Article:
Regardless of the used material, the extended circular tooth substance loss is a disadvantage of conventional crown and bridge restorations. It has been shown that up to 70% of the tooth structure may be removed during tooth preparation for a conventional crown; this can be significantly reduced if table-top, partial crown or onlay preparation designs are selected [9]. In the case of endodontically treated teeth, the decision in favor of a partial crown instead of a crown can preserve up to 45% of the tooth substance [9]. Due to the high risk of chipping, the veneering layer should only be extended vestibularly or should be avoided completely. In case of extensive tooth structure loss, the standard care offered by the statutory health insurance covers a crown restoration made of non-precious metal with the veneering limited to the vestibular surface up to the premolars. In addition, a prospective study has shown that the annual failure rate of direct and indirect composite restorations is between 6.9–26.3 %. However, the 26.3 % rate of loss that is specified as being unacceptable by the authors is based on the results from a single study on microfilled composites. In summary, it should be noted that no clear evidence is available to suggest that one material is better than the other [34].

4. Conclusion

Although physiological, age-related TSL is an indication for treatment only in exceptional cases, extensive TSL affecting the supporting zones of the dentition or extending far into dentin must normally be treated. In such cases, it may be necessary to rehabilitate the affected teeth by prosthetic means in order to restore and secure the occlusal and vertical jaw relation in the long term. Various treatment options are available for increasing the vertical jaw relation such as splint therapy, temporary restorations or the Dahl concept. The basic prerequisite for the transfer of the jaw relation defined in the pre-restorative phase is the functional freedom from symptoms of the patient. Different types of restorations and materials can be used for the ensuing definitive restoration. At the moment, there is no universally suitable restorative therapy concept for patients with TSL. Rather, a very individualized treatment decision must be made for each patient, in which both esthetic and functional parameters are taken into account in the decision-making process. The most common treatment for extended TSL are indirect restorations made of metal and ceramics. Nevertheless, studies based on the Radboud-Tooth-Wear-Project have shown that, even in patients with severe TSL, restorative treatment is not always indicated. If patients have no complaints or esthetic concerns, close monitoring and aftercare are also possible options. In general, the extensive circular loss of tooth substance during tooth preparation for crown and bridge restorations can be considered a drawback. Tooth-colored, minimally invasive restorations can thus represent a good alternative, depending on the financial resources of the patient. Restorations, including permanent ones, may have a limited life span in patients with severe tooth wear due to bruxism and erosion. A detailed explanation of the possible treatment options and the potential complications should be included in the informed consent form.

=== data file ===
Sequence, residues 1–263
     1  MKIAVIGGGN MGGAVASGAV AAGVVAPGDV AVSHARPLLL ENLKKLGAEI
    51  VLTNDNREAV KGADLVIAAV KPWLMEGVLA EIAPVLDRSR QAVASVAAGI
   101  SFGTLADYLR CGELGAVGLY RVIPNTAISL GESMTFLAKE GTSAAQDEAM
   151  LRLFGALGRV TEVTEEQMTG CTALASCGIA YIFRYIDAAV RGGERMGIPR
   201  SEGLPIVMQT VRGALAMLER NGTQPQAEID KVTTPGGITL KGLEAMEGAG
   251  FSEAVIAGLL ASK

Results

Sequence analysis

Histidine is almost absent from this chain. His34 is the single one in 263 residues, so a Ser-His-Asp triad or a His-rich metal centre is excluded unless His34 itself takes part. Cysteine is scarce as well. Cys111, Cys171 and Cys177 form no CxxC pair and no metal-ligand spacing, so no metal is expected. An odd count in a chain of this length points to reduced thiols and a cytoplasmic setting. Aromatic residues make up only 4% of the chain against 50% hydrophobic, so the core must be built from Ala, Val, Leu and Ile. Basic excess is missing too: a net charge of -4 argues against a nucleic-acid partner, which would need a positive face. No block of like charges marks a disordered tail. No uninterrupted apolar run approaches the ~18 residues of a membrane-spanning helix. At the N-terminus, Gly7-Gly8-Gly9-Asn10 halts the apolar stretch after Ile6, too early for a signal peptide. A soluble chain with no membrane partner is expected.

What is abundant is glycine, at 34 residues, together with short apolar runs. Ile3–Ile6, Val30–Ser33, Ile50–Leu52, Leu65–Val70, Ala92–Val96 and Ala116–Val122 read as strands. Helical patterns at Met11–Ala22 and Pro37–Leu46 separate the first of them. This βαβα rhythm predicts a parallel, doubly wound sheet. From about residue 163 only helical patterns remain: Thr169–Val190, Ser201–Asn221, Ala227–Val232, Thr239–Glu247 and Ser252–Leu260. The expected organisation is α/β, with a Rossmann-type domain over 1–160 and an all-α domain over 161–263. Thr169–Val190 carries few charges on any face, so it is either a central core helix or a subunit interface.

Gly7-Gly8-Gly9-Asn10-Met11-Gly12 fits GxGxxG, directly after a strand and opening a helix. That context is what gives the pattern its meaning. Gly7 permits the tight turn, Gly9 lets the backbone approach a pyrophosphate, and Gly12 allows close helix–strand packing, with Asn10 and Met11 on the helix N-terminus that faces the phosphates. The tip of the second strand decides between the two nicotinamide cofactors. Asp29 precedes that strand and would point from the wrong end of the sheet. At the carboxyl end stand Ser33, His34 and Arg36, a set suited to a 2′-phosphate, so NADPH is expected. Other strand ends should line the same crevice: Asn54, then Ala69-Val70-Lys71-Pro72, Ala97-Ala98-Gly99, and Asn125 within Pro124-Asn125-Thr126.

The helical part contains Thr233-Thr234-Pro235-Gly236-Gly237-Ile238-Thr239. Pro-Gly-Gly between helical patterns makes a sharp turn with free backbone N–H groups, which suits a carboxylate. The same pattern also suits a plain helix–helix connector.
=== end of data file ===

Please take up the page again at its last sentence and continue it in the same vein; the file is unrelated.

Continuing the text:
5. Acknowledgements

The authors would like to thank the private lecturer Dr. Oliver Schierz for kindly providing Figure 9, Department of Dental Prosthodontics and Materials Science, University of Leipzig.

Conflict of interest:

The authors declare that there is no conflict of interest within the meaning of the guidelines of the International Committee of Medical Journal Editors.

References

  1. Abduo J: Safety of increasing vertical dimension of occlusion: a systematic review. Quintessence Int 2012; 43: 369–380
  2. Abduo J, Lyons K: Clinical considerations for increasing occlusal vertical dimension: a review. Aust Dent J 2012; 57: 2–10
  3. Attin T, Filli T, Imfeld C, Schmidlin PR: Composite vertical bite reconstructions in eroded dentitions after 5·5 years: a case series. J Oral Rehabil 2012; 39: 73–79